Life After the Fall is a heart-breaking film because it is a heartbroken film. Just before she flees her country, Kasim's sister Ilham sits stunned and says to camera: "After the fall, we would sit on our balcony and talk about the future of Iraq. We had high hopes. My husband used to say – Dubai, the Gulf [states] will be nothing compared to Iraq... But in the end everything failed. We didn't benefit at all. The country didn't get better or rebuilt, it just got destroyed some more."
The Czech film-maker Miloslav Novak has been on a very different journey: to find a creature we are killing. The Mediterranean monk seal is Europe's most endangered species. After 14 million years dappling in our seas, there are fewer than 500 left in the wild, and none in captivity. These odd, wriggling, blubber creatures, with arms like men and snouts like pigs, are about to pass from history. In most wildlife films, the camera is a god, swirling anywhere the wildlife swirls. Not here. In Peace With Seals, Novak has made a wildlife film about his inability to find any wildlife. He trawls Europe trying to find the seals. He tries to lure them with large plastic replicas of female seals, the amphibian equivalent to sex dolls. He interviews elderly seal hunters. But he only ever gets fleeting glimpses of the creatures themselves – and then the seals are gone.
The film becomes a meditation on the great ecological die-off we are living through – and causing. The seals are a seal on our fate, too, he believes. He quotes one of my favourite novels, Karel Capek's The War With the Newts, where humans and amphibians go to war. If this is a war, we have won. Wildlife has lost. And we will pay for our victory. The film ends with a hellish image. In the 1950s, a seal was captured in Sardinia and brought to Rome, where it was made to live in a fountain. Novak imagines the animal flapping in concrete while photographers burst flashes in its face and a crowd of tourists roared its approval. This is what the world looks like now, on a grand scale.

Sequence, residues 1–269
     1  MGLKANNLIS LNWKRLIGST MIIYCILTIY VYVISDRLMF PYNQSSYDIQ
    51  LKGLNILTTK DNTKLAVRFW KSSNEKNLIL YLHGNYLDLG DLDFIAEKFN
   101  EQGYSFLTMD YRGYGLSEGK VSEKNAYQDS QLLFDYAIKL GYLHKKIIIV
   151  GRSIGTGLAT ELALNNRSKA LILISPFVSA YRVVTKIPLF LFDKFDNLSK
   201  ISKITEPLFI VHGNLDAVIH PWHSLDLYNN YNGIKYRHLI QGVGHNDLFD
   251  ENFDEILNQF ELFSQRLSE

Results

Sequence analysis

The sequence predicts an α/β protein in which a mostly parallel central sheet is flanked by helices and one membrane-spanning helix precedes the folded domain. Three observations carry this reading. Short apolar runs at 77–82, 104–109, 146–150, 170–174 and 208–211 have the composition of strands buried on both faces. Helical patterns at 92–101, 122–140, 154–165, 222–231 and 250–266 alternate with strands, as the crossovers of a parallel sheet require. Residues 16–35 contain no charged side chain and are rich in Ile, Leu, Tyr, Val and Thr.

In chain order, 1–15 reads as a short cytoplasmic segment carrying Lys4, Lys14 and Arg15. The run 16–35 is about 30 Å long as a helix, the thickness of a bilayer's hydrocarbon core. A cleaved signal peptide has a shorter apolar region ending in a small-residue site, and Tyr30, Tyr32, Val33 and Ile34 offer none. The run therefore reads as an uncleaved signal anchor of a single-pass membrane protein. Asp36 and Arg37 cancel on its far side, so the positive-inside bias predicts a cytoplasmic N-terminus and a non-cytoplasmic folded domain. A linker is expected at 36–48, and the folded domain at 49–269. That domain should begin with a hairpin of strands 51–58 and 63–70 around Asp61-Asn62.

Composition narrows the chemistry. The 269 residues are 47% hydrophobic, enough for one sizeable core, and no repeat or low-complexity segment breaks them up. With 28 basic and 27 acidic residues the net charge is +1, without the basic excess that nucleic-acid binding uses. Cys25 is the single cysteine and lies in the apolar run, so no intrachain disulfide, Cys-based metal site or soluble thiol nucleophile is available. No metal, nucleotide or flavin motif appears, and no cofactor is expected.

The seals are not the only beings dying in the seas around Europe. The film Barcelona or Die opens in a tiny village in Senegal whose poverty-starved young people dream of sailing to Europe. Every day, tiny, rickety boats stuffed with people set off. Some make it to the Canary Islands and on to their dream city, Barcelona. But many only reach "barca": the afterlife in their language. The few who return tell of how their boats capsized, they watched family members drown and had to drink sea water.
And why? Why do they come? The African village is coming to Europe because Europe has come to their shores – and destroyed their livelihoods. "There's nothing in the sea any more," explains one fisherman. "There was a time when the sea was good, and there were lots of fish... The [huge, industrial European] trawlers put an end to that. It's not right. It's not right that they came here from Europe and took everything. What's left for us?" One of Peter Mandelson's last acts before leaving the European Commission was to try to extend Europe's "right" to Africa's fish. The film ends with hundreds more desperate young people setting off in half-broken boats, to skivvy or to drown.
What do you learn if you watch dozens of movies from every continent in one concentrated burst in the dark? I kept thinking of Salman Rushdie's definition of globalisation: "Everywhere is part of everywhere else now." These stories about Iraq and the shores of the Mediterranean and Senegal are stories that lead directly back to us. Next year, see the world at the Sheffield International Documentary festival – and you will see your own actions staring right back at you.
You can buy the film 'Life After the Fall' at www.lifeafterthefall.com